AC/DC Tour – Belgrade..

There is a dilapidated air about Belgrade. And AC/DC’s venue in this former capital of Yugoslavia – the Partizan Stadium – rather blends in nicely. It is, for want of a better description, a shit hole.

Aside from a much needed general sprucing up, Namibian and I are unimpressed with washroom facilities.

The toilets are mirrorless. In fact, if truth be told, they are toiletless. Gaping holes in the floor and no toilet paper is hardly cricket for rock n roll crew. And it’s hot today, mercilessly hot – by 7.30 am, we’re awake and drenched with sweat. Despite perspiring like a garden hose, Namibian is jovially filming everything this morning – obviously from a comfy seat in the shade.

‘Come into Catering again, Barny,’ he orders, as I mop a weary brow. ‘I‘m sending this video to my dad.’ So I walk in again, feigning surprise at seeing Namibian, ostensibly for the first time.

‘Now here we are in Siberia,’ he begins, ever the hopelessly inaccurate narrator. He might mean Serbia, I think. The footage is priceless.

For any remaining slumbering truckers thinking of lying in bed for an extra little snooze – those lucky enough to have trucks fitted with air conditioning units – forget it. Blasted forklift drivers are screaming around the place, side-shifting staging pallets. So a spot of peace and quiet is in order – perhaps a gentle cycle ride away along the river?

Pah! Belgrade (Beograd) is definitely not for cyclists. The roads are clogged, regardless of the time, with high-emission vehicles, and there is no room for the lowly peddler. Cycle lanes, except along the River Sava (where fitness enthusiasts smoke outside the Wellness Centre) are non-existent. Try the pavement instead, you cry? No luck there either: they are cracked and high-sided. It is tiring.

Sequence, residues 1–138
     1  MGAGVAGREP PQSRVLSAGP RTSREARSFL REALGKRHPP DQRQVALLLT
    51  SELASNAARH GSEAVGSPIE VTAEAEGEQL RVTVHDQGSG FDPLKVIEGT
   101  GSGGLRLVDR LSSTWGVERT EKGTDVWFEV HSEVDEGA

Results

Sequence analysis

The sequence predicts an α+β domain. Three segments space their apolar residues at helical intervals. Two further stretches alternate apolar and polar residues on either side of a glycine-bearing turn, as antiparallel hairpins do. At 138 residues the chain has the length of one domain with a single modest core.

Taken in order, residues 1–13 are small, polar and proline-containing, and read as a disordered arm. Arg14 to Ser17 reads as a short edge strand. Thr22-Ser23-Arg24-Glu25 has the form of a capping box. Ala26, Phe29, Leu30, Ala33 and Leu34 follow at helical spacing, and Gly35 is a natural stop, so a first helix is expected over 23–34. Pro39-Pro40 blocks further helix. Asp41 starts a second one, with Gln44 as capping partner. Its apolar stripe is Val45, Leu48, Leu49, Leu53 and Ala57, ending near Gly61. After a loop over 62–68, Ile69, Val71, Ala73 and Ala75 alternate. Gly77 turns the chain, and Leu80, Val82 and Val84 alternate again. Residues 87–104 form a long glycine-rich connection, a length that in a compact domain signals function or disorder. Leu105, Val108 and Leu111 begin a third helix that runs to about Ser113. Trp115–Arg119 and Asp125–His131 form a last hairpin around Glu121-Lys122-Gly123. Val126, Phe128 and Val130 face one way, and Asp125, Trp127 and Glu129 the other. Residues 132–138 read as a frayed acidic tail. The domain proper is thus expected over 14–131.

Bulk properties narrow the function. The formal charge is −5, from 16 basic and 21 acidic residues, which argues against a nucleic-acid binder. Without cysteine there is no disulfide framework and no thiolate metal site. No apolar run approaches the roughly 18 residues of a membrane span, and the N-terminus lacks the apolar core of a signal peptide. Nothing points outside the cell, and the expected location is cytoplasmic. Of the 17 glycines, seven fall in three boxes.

Zastavas and Yugos crawl past, belching clouds of exhaust, alongside tram buses containing doleful-looking employees resigned to a life of drudgery.

In the smog, policemen replace traffic lights, beckoning and halting the frustrated motorist. Pedestrians ignore roadwork barricades, treading tar into their soles. Oh blast, I may need a new pair of flip-flops now.

Stickily, I amble past the train station. Like Paul Theroux, I am ineluctably drawn to trains and their stations. I stop short of wearing a mackintosh – and diligently noting locomotive serial numbers while adjusting spectacles and squeezing zits – but I seldom see a train pass by without wishing I were on it.

And Belgrade seems like a good starting point for an adventure; I yearn to hop on a carriage bound for Istanbul, then Tehran, and still further. I don’t really want to miss a free lunch in Catering, though, so I make do with just popping my head in to the main station, to see where trains go. The departures screen, a woeful departure from the Roman alphabet, is an enigma.

Continuing up the hill brings me to St Sava Cathedral – a shining beacon visible from all access roads to the city.

With a 4000-ton dome, it is, or will be – I’m hedging my bets because the statistics are ambiguous inside – the largest active Orthodox church in the world. Worshippers put Serbian notes into donation slots, and kiss the foreheads of painted saints, whilst impious workmen drill, bang and dig, eerily illuminated from high above.

But if you’re wanting a taste of the Balkans, and regard my advice as worth taking, miss out Belgrade and go to Budva, Montenegro instead..